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On Human Rights$
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James Griffin

Print publication date: 2008

Print ISBN-13: 9780199238781

Published to Oxford Scholarship Online: May 2010

DOI: 10.1093/acprof:oso/9780199238781.001.0001

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Do Human Rights Require Democracy?

Do Human Rights Require Democracy?

Chapter:
(p.242) 14 Do Human Rights Require Democracy?
Source:
On Human Rights
Author(s):

James Griffin (Contributor Webpage)

Publisher:
Oxford University Press
DOI:10.1093/acprof:oso/9780199238781.003.0015

This chapter addresses the question of whether human rights require democracy. Human rights and democracy have grown up to meet quite different needs. Human rights grew up to protect what we see as constituting human dignity: the life, autonomy, and liberty of the individual. Democratic institutions grew up in our need for a decision procedure for groups — a procedure that is stable, manages transfer of power well, appropriate to a society whose members are more or less equal in power or worth, reconciles losers in social decisions to the basic structures of the society, and tends to promote the commonweal — that is, order, justice, security, and prosperity. Much more comes into democracy, both into the idea itself and into its major duties and functions, than can be got out of human rights. It is unsurprising that fairness should enter into what can count as a democracy, and also that the promotion of a large variety of social ends should enter into its major duties and functions. One cannot derive a requirement of fair political procedures from human rights alone, though one may be able to derive it from morality as a whole.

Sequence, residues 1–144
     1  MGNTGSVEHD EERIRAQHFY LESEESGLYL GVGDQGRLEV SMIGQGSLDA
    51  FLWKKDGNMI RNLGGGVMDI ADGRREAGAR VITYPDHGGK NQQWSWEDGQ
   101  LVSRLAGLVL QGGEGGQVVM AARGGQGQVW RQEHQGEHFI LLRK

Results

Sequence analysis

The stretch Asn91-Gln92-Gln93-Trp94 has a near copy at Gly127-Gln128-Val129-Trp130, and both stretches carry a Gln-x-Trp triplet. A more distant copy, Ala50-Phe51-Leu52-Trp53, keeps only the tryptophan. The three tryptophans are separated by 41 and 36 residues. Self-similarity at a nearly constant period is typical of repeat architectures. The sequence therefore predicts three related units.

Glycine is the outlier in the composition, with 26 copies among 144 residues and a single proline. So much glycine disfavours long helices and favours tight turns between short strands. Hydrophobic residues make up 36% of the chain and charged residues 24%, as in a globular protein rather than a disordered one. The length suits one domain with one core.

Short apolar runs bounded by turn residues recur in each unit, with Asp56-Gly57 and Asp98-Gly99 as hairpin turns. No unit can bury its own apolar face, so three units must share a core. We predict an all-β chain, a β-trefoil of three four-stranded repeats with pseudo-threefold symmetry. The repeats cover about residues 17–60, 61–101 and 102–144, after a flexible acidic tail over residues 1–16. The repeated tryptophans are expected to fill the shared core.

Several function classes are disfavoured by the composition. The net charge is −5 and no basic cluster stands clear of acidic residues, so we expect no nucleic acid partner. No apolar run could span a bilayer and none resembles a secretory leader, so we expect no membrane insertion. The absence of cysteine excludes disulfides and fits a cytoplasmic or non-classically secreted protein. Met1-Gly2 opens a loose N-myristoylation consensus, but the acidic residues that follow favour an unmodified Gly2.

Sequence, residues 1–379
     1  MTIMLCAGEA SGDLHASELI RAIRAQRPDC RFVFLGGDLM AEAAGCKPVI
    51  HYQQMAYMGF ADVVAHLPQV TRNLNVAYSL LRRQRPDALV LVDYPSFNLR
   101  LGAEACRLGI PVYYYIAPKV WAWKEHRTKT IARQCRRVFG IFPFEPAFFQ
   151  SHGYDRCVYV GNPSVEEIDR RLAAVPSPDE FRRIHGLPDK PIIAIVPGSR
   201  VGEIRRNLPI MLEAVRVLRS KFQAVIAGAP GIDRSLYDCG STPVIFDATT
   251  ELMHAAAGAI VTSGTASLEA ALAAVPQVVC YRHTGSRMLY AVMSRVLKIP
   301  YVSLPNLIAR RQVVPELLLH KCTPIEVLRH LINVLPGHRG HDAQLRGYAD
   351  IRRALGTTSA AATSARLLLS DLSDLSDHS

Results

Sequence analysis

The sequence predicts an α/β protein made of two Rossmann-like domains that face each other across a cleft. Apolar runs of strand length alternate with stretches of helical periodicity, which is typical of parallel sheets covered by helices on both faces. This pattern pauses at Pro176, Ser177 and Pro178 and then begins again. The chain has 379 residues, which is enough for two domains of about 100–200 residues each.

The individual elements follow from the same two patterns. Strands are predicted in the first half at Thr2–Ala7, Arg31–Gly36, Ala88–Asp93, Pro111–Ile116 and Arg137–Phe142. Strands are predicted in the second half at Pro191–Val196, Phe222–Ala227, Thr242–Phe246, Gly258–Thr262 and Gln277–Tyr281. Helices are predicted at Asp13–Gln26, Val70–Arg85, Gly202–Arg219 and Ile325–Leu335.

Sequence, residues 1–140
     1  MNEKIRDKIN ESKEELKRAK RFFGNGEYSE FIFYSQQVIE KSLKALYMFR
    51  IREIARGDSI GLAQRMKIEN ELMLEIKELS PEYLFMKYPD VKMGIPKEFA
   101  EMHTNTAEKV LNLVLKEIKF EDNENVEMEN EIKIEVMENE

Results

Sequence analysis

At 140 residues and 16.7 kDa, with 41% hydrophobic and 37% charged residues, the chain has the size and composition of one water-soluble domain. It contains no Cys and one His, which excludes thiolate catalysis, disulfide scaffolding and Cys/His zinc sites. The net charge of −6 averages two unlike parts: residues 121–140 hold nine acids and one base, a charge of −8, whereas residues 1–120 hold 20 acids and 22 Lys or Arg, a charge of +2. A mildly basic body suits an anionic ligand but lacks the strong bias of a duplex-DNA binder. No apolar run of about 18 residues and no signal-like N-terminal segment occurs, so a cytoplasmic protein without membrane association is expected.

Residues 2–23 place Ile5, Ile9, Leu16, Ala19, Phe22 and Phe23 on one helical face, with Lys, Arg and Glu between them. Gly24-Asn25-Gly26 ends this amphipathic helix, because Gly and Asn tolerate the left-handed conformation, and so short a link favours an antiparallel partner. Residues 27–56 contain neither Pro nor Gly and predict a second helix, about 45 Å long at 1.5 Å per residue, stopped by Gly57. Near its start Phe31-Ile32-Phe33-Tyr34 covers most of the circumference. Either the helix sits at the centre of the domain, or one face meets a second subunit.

Keywords:   human rights, democracy, autonomy, liberty, democratic institutions

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